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Tuesday, May 21, 2013

座敷 「徳川」Japanese Room "Tokugawa"

A Japanese room in the style reminiscent of the Edo era. The Tokugawa or Edo period of Japan lasted two and a half centuries. It was a time of feudal transition, the samurai era, a period of isolation and cultural identity that lasted from 1603 to 1868 when Commodore Perry "pursuaded" Japan to open to trade.

I will post pictures as I proceed through this project. This approach works well on Facebook or Google +, but not so well in a blog because each new post rises you add to an existing post gets buried. The only alternative is to create a new post each time, but then you have X number of posts for a single project. What to do! (If you prefer to see the progress on Facebook, click here.


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Tokugawa is a Japanese piece representing a certgain time period, and intended as a display for hand made dolls. In this case, I am portraying not a whole structure, but just a room. The main area of the room will be an 8-mat room size, indicating the presence of adjoining rooms but featuring just this main room. The garden will be in the rear, and like any good Japanese room of this kind, it will draw the eye toward it.



Using a wood box, I laid down two coats of color and texture: something conservative to lay in the background and not distract, but to accent the contents within when the time comes. In this case, I used an undercoat of acryclic, and top coat of stain. The nice thing about doing this is that it allows you to rub some of the stain off, exposing the acrylic undercoat.Using a wood box, I laid down two coats of color and texture: something convservative to lay in the background and not distract, but to accent the contents within when the time comes. In this case, I used an undercoat of acryclic, and top coat of stain. The nice thing about doing this is that it allows you to rub some of the stain off, exposing the acrylic undercoat.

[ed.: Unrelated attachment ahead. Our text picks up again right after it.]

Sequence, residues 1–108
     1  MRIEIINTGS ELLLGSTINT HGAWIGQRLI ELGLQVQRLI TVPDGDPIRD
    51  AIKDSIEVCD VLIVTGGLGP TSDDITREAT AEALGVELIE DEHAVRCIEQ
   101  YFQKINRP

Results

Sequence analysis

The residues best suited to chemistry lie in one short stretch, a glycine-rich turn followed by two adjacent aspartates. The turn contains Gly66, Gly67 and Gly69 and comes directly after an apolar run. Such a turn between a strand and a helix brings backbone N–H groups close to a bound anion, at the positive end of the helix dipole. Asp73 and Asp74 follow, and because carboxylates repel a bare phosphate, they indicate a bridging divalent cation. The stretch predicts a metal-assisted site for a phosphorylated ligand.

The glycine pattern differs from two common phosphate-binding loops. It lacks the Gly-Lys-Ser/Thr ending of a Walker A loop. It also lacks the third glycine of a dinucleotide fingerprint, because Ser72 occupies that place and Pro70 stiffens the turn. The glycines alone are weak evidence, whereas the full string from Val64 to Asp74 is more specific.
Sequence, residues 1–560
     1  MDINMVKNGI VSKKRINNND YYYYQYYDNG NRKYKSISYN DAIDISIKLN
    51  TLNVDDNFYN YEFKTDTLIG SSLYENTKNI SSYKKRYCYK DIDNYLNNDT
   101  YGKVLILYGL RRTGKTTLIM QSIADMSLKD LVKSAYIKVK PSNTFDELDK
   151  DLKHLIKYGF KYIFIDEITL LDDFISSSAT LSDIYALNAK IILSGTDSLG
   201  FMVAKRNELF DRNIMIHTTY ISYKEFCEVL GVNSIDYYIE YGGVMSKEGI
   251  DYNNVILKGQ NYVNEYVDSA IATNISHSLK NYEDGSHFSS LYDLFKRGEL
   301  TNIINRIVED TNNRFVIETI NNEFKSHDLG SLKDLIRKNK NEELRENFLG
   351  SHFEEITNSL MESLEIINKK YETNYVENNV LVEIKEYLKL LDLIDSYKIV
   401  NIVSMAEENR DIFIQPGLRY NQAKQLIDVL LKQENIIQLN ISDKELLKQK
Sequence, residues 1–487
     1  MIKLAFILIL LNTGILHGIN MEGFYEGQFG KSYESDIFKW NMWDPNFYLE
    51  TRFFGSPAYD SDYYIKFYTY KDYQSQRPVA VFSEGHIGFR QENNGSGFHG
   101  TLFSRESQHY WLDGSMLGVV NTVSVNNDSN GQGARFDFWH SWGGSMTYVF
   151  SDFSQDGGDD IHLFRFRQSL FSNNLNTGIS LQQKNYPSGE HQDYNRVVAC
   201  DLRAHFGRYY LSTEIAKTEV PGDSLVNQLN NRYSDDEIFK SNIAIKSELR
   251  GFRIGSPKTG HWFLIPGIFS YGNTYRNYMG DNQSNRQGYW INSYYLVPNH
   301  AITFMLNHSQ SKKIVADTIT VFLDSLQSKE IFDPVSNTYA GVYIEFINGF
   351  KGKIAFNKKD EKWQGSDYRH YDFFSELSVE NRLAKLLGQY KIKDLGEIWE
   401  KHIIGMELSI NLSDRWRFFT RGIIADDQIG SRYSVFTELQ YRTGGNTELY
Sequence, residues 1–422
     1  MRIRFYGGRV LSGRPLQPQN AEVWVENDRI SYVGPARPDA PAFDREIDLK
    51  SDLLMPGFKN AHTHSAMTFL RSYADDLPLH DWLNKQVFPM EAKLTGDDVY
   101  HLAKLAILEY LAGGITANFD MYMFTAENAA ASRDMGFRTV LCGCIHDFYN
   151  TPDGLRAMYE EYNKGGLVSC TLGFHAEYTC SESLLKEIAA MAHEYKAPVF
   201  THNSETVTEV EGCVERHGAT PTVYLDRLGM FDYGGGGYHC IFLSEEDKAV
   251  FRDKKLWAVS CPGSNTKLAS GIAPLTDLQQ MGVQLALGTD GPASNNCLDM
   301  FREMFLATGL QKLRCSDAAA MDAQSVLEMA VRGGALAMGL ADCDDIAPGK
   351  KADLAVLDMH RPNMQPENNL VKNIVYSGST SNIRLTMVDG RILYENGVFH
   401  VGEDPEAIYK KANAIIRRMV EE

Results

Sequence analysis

I sometimes use figures in my scenes that I design. They can add a certain humanity or illustrate movement within a scene--used sparingly.

However in this case, the figures are owned by the customer who commissioned this work. As a result, I'm going to design the room so it flows around the characters and highlights their features.

These beautiful dolls were made by the even more beautiful Maria Santos from Spain who I'm sure spent countless hours resarching the styles and details of the era.













The dress and styles of the period, for the class of royalty portrayed by these dolls, is highly refined. Like royals of any kind, the vast legions of samurai loyal to the Shogun carried with them their own staff, soldiers, and retainers.




Creating the fence in the back:




There are seven unique circuits for this piece. While wiring the controller...




I got a little distracted and found a cool pic .....



I've been away for a while it seems. But there are so many other places to be! In any case, here are some updates...

The interior coming together...

View of the garden

The workers scurrying to meet the deadline...

12 comments:

  1. Your client chose the perfect artist to create a proper scene for those amazing dolls. Can't wait to see more!

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  2. Your client owns some very beautiful dolls. I am in awe of these dolls, they are so delicate and lifelike! It is just like John said, he found the perfect artist to create this scene for him.
    I also can't wait to see more!
    Greetings, Ilona
    www.MiniMumLoon.blogspot.com

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  3. Hello Erik,
    I always get excited when you satart a new project! I cannot wait to see it come together. Maria santos is rediculously talented!
    Hugs,
    Giac

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  4. How beautiful dolls! Especially the kimono. I really want to see how the room turns out!

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  5. acabo de encontrar tu blog, me quedo por aquí...

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  6. Very interesting to watch you proceed. I like it it's a different style that i'm not so aquatinted with. But I'm sure you are, so keen to read on and learn from you.
    I'm not a big fan of dolls but i have to agree here; these are very impressive! Complementing them, yet at the same time tell their story will be a neat journey.

    ps, love the last picture, made me smile from ear to ear :) Where the ** did you find that? Who made that? I love it!

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    1. Debora,thank you. I actually found it "online" at some piont and just grabbed it. Now I don't know who put it up or whwere I got it. I wish I did cuz I got asked that a lot!

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  7. Thanks for the kind words everyone!

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  8. Sorry... have to wait on this or now. It is mostly finished. But a magazine article will feature it and they want me to wait. Oh well!

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  9. Wow...so this is miniature, at last I understood when I seen tools (I have very similar) Awesome!
    Magda

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